DRUM ROLL PLEASE! I performed my very first improv show on Friday! Ta-daaa!
I was so nervous that I didn't eat hardly anything all day... an especially odd behaviour given my regular routine of eating every two hours.
But the show was a great success, thanks mostly to the fact that I played with a fabulous group of people. Oh AND, Bren played that same night too, in the show after mine. We're an improv family!
This is my favorite scene of the entire thing. That's Laura, the other non-actor-wife-of-an-excellent-improv'er type in our group, my soul-sistah from day one. This scene was extra special because not only did I get to play with Laura, I also got to do a completely silent scene; I have always treasured silent scenes, where the only communication between the players is through their eyes and their bodies. To me, THAT is the magic of improv, where you are so connected to another person that words aren't needed. Laura and I accomplished that! And it went so well that the audience cheered once the scene was over! That hardly ever happens!
I have been taking improv classes for a year now, inspired by Bren's blooming after he took 'em. And as odd as it might sound, improv taught me some valuable lessons about how I should tackle my life.
I am most grateful to improv because it gave me the confidence to improvise in the kitchen, resulting in my first ever recipe, "I Ain't Chicken Chicken". I have been improvising in the kitchen ever since, and it now feels so natural to me that I can't imagine NOT cooking this way. Improv unearthed a buried talent in me, and in that way, has changed my life. I shot a cooking show (patience! it's coming!) and started a weekly Aarti Cooks series. I cannot say enough how much my identity has transformed this year from a recipe-follower... to a recipe-maker... and how happy that makes me.
Improv taught me to "focus out" -- put your focus on other people and figure out any way you can to make them look good. The less you focus on yourself, the better you look and the better time you have playing. Before the show, my friend Karen (in the photo below) whispered to each person, "I got your back!", which we then all whispered to each other, an affirmation that each person was safe because we would all be there to make him/her look good. And Karen really made me look good that night. Thanks K!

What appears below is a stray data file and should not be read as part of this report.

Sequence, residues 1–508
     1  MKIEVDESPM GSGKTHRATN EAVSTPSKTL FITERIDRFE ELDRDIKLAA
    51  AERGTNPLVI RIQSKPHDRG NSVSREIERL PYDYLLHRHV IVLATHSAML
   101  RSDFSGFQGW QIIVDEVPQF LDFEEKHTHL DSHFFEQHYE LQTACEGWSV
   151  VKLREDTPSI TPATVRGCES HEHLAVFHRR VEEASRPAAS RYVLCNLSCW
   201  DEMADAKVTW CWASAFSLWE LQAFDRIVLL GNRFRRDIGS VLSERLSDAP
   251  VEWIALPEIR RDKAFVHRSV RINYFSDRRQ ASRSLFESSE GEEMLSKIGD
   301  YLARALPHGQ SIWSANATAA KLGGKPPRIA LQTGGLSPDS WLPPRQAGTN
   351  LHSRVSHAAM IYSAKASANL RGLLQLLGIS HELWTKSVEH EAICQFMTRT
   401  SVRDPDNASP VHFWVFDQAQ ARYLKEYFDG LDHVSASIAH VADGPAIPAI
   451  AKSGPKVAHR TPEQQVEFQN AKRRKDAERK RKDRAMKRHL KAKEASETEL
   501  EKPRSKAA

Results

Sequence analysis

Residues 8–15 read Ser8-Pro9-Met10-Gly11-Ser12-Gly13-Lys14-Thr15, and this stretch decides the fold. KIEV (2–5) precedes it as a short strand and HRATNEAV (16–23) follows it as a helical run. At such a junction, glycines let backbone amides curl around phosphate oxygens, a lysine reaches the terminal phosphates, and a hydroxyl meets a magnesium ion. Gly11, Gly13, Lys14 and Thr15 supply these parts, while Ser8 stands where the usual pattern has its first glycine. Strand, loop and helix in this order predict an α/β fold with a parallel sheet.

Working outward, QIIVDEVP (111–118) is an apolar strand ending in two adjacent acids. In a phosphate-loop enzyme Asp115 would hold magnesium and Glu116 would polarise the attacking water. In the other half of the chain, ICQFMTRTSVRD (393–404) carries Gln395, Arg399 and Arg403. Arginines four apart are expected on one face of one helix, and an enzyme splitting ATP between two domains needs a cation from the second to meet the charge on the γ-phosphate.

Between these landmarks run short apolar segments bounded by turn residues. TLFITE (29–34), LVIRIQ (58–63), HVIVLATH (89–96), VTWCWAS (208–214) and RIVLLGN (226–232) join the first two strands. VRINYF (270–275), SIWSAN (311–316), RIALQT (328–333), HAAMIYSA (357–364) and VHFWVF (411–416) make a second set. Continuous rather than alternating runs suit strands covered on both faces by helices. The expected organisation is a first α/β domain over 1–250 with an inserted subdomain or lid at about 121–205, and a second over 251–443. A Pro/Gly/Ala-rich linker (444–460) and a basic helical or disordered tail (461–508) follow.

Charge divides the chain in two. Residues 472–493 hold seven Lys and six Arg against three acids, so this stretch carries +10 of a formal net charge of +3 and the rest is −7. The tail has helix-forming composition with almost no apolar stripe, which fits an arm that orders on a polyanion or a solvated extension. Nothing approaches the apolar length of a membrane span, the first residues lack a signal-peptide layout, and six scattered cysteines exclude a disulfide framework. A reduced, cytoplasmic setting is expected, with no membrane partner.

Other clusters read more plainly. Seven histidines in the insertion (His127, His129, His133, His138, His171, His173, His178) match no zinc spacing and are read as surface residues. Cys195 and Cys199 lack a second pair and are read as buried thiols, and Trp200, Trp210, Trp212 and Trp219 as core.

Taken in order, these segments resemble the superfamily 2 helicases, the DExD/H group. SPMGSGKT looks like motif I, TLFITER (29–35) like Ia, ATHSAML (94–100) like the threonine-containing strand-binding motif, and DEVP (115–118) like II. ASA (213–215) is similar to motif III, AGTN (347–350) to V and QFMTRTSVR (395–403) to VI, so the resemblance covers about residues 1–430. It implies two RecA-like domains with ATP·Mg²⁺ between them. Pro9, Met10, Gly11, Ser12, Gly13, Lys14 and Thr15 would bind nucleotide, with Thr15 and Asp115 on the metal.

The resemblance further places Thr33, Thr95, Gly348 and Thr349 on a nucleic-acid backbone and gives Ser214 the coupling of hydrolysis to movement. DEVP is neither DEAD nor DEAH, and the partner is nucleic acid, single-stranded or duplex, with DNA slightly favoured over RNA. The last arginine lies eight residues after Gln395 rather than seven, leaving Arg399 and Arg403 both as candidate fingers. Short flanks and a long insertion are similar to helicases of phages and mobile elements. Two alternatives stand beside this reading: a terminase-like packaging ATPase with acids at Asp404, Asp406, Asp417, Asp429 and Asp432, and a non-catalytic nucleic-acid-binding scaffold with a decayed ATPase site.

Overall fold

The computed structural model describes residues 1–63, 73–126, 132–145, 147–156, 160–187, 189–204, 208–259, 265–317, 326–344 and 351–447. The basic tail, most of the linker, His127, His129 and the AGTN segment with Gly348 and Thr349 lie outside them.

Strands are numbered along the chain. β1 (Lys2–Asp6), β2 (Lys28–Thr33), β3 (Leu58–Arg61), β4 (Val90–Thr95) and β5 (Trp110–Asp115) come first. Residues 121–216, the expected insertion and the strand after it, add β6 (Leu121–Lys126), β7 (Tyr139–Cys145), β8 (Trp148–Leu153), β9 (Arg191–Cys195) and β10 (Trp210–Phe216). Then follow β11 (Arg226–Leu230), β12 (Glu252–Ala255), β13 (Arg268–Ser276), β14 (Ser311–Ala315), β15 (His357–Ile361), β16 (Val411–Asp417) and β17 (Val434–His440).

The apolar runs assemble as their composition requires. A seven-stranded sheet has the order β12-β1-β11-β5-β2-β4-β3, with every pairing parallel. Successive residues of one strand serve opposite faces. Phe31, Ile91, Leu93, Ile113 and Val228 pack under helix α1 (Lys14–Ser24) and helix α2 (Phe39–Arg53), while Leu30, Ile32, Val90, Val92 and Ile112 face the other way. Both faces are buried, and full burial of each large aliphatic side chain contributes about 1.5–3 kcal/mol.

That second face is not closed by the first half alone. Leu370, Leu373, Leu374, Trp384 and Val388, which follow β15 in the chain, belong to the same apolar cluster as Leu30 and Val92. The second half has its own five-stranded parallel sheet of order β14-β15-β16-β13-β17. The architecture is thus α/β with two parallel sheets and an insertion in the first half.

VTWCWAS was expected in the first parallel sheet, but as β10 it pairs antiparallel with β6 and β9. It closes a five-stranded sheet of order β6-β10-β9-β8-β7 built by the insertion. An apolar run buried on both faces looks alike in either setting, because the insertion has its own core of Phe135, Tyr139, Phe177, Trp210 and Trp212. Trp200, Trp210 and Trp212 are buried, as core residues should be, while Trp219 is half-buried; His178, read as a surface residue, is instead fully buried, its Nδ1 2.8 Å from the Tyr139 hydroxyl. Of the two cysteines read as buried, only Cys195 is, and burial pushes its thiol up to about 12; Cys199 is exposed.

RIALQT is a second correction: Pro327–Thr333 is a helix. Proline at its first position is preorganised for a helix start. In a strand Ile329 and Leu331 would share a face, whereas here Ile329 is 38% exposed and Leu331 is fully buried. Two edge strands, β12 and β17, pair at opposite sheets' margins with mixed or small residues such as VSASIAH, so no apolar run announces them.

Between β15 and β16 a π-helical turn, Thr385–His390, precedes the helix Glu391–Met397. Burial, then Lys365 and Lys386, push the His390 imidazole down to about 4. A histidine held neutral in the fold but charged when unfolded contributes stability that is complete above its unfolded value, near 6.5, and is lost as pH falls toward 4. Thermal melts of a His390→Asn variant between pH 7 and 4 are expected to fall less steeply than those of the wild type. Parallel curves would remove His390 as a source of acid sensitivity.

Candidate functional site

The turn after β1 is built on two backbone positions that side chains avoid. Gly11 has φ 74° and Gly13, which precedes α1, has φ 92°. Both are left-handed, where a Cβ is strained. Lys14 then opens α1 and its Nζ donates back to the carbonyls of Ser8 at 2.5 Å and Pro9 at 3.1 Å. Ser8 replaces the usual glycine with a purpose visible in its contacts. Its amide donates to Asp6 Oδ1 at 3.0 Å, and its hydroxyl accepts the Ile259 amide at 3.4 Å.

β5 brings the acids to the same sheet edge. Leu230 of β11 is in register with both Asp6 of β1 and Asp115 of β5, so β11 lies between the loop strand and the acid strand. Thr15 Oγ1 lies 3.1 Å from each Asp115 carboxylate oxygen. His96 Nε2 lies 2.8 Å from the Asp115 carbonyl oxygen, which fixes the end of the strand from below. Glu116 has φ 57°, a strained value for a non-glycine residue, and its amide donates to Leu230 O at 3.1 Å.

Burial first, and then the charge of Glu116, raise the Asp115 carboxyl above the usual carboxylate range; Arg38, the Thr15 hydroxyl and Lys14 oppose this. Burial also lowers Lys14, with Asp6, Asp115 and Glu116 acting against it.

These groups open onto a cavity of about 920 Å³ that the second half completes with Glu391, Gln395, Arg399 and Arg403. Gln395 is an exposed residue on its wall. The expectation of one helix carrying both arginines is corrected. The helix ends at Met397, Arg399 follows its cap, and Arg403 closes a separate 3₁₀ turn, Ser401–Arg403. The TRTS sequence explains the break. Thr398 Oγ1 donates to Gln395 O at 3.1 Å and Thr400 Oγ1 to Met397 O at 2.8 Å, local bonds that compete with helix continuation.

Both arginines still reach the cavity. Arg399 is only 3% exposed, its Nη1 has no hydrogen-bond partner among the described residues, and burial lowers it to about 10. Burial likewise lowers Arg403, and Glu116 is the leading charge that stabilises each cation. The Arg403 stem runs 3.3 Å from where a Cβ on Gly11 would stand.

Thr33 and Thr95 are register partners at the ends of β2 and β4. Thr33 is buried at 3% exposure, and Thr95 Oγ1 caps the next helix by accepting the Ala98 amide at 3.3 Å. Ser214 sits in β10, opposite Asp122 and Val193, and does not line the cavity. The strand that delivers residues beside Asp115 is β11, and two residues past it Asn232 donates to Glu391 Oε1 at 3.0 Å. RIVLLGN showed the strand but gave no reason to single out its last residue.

I am so grateful for all the people in my class -- each of them took a risk trusting me, which made me feel safe enough to trust them. What a relief from my daily life where my main concern is making myself look interesting or smart or pretty or witty or accomplished or or or... it's much more rewarding (and much less stressful!) to focus on someone other than yourself.
I'm learning to trust my instincts. I usually second-guess them. But I have learned to listen to my gut, make a decision based on my gut, and then stick to the decision. I am still working on this one, but I think I'm a lot better at it. Case in point -- getting the cooking show shot.
Improv reminded me of being a child again. Kuv and I would run around the house with a bedsheet knotted around our necks, and a badminton racket in one hand playing bad-ass female superheros. I didn't realise that playing in that way is still fun now, even when I'm a very serious and important adult (ha!).
I have always longed to be able to get silly with complete strangers, to be utterly open to the potential fun that can come out of taking a chance and getting goofy, without a thought to how silly it might look. I think this will make me a better mother too; I foresee epic imagination journeys with that kid. I had a great opportunity to test that skill in the real world the other day. Bren, Ross, Joo and I were at the farmers market after church the other week, and a little girl was breaking... it... down...
Normally, I would have stayed in my seat and watched, but when Ross got up to try to dance with her, I got up too, despite how silly I felt. We started dancing, other people gathered around and started to clap and that little girl got her 15 minutes in the sun! Woo-hoo! (Ross and I also tried to start a new dance move, but no one joined in. Hmph.)
Most of all, improv has taught me to be fearless. On day one of class, as we went around and talked about why we had decided to take the class, the word "fearless" came up time and time again. We all live in fear of making the wrong decision, of going for something we really want when the possibility of failure is very real, of wondering what other people will think of us. I can honestly say that on Friday, when I was rolling on the ground like a fool in front of an audience, it was the most fearless I have ever felt. And I'm going to try to hold on to that feeling forever and ever.
If you're in town, come see our show, every Friday until Dec 12th, at 8pm. Hothouse Improvised Theatre.